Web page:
One would be hard-pressed to find as enduring and prevalent a Republican representative as Rush Limbaugh. Regardless of the political debate, event, controversy or climate, one can reliably turn on the radio to hear the loud, brash Limbaugh delivering some polemic or other against the liberal tyranny that is America.
I think it’s safe to assume that most people take Limbaugh’s rant with a heavy grain of salt, just as most people differentiate between the humor and the politics in “The Colbert Report.” I do think that Limbaugh has a point, and that he brings a voice to the political arena that should be taken seriously. However, while I think many people have no problem digging through Limbaugh’s outlandish rhetoric to the underlying political point, the problem is that an equal number of people just don’t get it and actually take him seriously.
The result? There are several: OBAMA as an acronym (Oppressive Bloodsucking Arrogant Muslim Alien), slogans such as “The Anti-Christ is living in the White House” and even children as young as 10 years proudly flaunting t-shirts with slogans such as “The cure for Obama communism is a new era of McCarthyism.” The most disturbing part, as I found out personally while driving through Kentucky over the weekend, is that these people actually believe what they are saying.
Of course, this isn’t to say that only Republicans partake in this kind of extremism without actually knowing what they’re talking about. I’m positive that depending on the state, one could find all sorts of similar examples. The point I’m making is not to demonize the Republican Party or any aspects thereof, but rather to raise the question: who are we to blame? Do we blame the polemical pundits, who use hyperbole to make a point but are taken at face value? Or, do we blame the people for being idiotic enough to use those slogans and wear those T-shirts? After all, I am positive that a 10-year-old who was born after the Gulf War—let alone the Vietnam War—has no idea what McCarthyism was really like, and it’s just as unlikely that his parents appreciated the impact of the McCarthy era.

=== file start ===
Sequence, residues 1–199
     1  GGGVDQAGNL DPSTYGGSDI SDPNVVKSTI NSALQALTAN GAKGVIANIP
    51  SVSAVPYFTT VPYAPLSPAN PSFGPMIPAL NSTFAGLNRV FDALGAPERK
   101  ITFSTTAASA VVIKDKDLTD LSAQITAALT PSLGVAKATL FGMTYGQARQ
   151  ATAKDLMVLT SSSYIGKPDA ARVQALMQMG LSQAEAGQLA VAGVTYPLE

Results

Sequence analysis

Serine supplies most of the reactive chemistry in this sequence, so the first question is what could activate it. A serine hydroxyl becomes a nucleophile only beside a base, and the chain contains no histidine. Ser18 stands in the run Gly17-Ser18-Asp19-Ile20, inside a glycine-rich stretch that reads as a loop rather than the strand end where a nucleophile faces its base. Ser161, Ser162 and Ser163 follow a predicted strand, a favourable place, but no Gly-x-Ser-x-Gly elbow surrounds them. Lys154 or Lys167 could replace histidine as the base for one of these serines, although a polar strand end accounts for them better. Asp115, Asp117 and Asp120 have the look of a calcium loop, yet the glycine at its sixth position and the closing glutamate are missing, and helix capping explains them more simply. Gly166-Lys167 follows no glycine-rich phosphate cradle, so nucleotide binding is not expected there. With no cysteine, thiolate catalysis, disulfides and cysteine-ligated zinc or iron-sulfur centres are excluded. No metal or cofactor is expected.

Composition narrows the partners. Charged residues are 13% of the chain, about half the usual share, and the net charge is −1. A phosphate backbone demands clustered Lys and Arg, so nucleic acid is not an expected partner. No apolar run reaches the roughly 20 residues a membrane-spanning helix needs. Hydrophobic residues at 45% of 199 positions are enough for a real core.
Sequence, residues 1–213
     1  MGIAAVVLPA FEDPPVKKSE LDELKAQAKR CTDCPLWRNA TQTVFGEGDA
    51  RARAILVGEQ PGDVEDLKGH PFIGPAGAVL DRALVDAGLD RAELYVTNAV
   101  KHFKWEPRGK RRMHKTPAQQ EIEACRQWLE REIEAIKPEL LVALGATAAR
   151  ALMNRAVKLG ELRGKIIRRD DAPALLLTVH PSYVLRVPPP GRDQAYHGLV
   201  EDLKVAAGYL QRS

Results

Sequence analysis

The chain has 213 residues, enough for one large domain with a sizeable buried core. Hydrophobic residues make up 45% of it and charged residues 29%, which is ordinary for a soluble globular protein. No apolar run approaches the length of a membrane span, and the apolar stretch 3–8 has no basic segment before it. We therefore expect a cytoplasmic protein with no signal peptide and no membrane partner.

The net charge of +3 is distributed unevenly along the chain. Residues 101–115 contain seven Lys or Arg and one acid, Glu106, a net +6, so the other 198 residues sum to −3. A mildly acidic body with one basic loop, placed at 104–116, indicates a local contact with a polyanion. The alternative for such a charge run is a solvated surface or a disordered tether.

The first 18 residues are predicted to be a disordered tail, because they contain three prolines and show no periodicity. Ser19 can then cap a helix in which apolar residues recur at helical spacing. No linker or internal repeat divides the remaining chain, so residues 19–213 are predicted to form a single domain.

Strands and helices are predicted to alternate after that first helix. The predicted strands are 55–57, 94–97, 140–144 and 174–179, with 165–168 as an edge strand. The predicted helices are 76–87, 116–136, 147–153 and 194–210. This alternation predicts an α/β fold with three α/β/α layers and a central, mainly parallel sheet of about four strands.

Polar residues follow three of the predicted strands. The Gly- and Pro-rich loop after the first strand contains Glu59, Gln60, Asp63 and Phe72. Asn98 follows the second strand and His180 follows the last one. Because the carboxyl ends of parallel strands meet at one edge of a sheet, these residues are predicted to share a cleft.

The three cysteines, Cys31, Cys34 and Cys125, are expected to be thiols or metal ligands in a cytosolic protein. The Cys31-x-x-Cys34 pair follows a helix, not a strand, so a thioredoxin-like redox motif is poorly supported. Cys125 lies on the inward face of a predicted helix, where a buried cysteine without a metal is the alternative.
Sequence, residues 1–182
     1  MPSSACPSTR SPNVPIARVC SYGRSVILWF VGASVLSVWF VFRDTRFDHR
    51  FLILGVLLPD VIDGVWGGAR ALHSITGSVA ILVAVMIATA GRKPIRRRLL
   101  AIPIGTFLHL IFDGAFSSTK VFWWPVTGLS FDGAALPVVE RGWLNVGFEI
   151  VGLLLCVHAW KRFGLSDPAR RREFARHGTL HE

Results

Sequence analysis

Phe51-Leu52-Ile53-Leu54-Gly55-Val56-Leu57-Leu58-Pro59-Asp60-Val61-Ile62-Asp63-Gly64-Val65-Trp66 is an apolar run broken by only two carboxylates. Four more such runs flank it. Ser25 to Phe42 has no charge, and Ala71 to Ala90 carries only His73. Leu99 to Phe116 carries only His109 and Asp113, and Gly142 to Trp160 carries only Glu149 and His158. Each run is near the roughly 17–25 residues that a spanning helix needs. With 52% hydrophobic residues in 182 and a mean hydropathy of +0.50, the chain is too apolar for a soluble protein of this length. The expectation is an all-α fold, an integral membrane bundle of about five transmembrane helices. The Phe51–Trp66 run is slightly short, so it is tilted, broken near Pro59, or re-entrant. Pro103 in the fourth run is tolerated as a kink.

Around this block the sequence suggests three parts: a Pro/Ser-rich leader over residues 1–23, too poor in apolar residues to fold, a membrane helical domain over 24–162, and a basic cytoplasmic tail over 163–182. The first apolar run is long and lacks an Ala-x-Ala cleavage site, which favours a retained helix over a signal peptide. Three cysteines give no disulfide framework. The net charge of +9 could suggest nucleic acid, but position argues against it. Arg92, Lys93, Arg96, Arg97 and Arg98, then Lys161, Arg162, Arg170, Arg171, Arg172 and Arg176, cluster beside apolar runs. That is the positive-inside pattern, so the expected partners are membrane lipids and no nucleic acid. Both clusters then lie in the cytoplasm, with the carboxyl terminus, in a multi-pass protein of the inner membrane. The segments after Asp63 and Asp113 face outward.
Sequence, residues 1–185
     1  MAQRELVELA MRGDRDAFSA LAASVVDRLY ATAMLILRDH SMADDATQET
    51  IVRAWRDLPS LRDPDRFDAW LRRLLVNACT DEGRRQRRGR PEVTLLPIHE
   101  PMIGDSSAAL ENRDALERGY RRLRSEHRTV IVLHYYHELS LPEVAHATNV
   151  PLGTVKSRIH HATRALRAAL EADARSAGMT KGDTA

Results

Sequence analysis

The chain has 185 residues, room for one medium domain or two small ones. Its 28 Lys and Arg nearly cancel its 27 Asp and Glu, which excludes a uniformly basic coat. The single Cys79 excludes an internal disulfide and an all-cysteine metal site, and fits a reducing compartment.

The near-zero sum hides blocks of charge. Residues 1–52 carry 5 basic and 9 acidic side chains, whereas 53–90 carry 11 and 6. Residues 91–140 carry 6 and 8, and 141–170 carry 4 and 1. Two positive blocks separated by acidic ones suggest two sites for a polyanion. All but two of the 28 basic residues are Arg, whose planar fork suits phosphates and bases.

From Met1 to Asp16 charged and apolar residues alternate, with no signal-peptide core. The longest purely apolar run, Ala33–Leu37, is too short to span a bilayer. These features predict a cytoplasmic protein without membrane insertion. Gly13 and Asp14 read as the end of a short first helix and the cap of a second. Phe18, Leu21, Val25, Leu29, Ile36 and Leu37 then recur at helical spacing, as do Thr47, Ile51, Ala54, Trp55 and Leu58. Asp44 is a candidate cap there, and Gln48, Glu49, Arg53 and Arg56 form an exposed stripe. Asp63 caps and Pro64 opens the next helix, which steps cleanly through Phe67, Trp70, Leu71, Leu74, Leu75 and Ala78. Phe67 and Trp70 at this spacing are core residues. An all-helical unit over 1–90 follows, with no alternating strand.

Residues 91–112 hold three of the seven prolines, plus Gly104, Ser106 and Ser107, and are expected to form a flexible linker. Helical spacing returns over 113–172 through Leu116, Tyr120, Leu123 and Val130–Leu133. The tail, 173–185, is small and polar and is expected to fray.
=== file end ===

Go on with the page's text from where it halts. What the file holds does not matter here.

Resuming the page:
Ultimately, I think that the blame lies with all of us—we value entertainment more than we value factual accuracy. After all, it’s much more entertaining to watch an angry conservative rant and insult the Left, or a liberal comedian making fun of the Right, than it is to listen to the encyclopedic facts.
The problem, however, is that regardless of how hard it is to stomach, what we actually need is simply that: just the facts. Sure, facts can be manipulated; we need to be aware of the biases within any statistics, and at times we need to question their presentation and challenge their authority. As it stands, however, almost anything is an improvement from the butchered set of political commentaries that we have today. Hopefully one day we’ll be able to look back at extreme acts like Limbaugh’s and take them for what they are: jokes.
AJ is a sophomore in Arts & Sciences. He can be reached via e-mail at firstname.lastname@example.org.